Think painting ceramics is something only old people enjoy? Think again.
Koch Ceramics Inc. has been operating in Moxham for over 60 years and, although it may not be as active as it was decades ago, interest in ceramics is growing.
“It's coming back,” says Mindy Koch who owns and operates the shop with her husband, Dale. “On Tuesday nights, I can have up to 40 people here and our classes can fill up within two weeks.”
Still, she admits, “most people don't know we are here.”
Call it one of Johnstown's best-kept secrets.
The business, which is billed as “Johnstown's only provider and distributor of all ceramic products,” was started by Dale's mother, Betty Koch, in the basement of her home. “It got to be so popular that she ran out of room,” her daughter-in-law says. “So they bought this building – which was originally a church. The Boy Scouts were in here at that time. And they turned it into a ceramics store.
“We took it over in 1980.”
Becoming involved in art was not a difficult stretch for Mindy. She was an art major in school and her father, Glenn Brougher, was a well-know Johnstown artist and teacher.
“My mother-in-law retired and I was able to easily step in,” she says. “It was just a natural thing for me.”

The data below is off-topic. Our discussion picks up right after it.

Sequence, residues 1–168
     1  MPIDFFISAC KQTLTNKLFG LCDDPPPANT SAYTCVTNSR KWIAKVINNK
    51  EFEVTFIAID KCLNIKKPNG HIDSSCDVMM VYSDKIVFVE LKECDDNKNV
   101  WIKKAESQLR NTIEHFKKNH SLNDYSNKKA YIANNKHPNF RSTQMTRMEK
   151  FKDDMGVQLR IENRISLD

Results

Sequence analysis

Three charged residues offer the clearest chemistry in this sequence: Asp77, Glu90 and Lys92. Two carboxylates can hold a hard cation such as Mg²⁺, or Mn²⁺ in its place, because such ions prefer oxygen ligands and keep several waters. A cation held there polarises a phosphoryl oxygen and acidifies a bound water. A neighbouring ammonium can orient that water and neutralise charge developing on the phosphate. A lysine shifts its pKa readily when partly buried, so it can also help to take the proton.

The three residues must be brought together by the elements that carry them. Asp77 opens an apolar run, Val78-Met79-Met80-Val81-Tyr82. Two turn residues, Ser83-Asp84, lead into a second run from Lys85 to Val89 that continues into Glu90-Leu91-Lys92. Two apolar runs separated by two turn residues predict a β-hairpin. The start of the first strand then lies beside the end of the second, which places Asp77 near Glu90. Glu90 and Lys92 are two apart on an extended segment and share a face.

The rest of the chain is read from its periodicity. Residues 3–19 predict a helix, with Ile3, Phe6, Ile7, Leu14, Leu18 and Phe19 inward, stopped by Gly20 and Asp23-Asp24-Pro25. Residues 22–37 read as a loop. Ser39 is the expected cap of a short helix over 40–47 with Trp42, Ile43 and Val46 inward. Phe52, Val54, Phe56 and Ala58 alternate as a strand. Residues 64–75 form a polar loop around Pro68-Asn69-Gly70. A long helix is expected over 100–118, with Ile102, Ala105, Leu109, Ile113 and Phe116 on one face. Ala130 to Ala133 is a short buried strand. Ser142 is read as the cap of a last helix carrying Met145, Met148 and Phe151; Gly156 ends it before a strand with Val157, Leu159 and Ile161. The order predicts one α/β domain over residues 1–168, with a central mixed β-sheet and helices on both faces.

Mindy handles the day-to-day operations of the ceramics shop, including classes and open studio time for anyone in the community to create their own pieces.
Dale handles the commercial end of the business and manufactures the liquid slip that is poured into the molds to create ceramic pieces. He also handles the sale and delivery of all ceramic products including kilns, pottery wheels, electrical supplies, paints, bisque, clay products, brushes, tools, accessories.
“Anything you would need to do ceramics, we have,” Mindy says. “And a good bit of our business is with pottery.”
Koch's offers open studio times from 8:30 a.m. to 4 p.m. Tuesdays through Fridays for $3, as well as Tuesday evenings and Saturdays for $5. Budding artists are able to purchase one of the pieces from the dozens Koch's has to offer and paint it during studio hours. Mindy or one of her volunteers, Danielle Blough and Molly Statler, will be on hand to give instructions as needed.
Although ceramic pieces come and go, Mindy says the vintage, glazed Christmas tree remains the most sought-after item. “I think everybody in Johnstown has one,” she says.
Koch's has become a popular place to hold children's birthday parties, fundraisers, bridal and baby showers as well as team building events.
“They bring whatever food they want and get instructions and a ceramic to paint and take home,” Mindy says. “They seem to enjoy it.”
As she looks back on the years she has spent at Koch Ceramics, Mindy says it has been the right career for her. “A lot of my business involves working with mentally challenged people (who come to paint with a social worker),” she says. “They are very affectional and loving and they give you so much.
“I know that is what God has put me on this Earth to do – to work with the disabled.
“That's my calling, so I don't look for anything else.”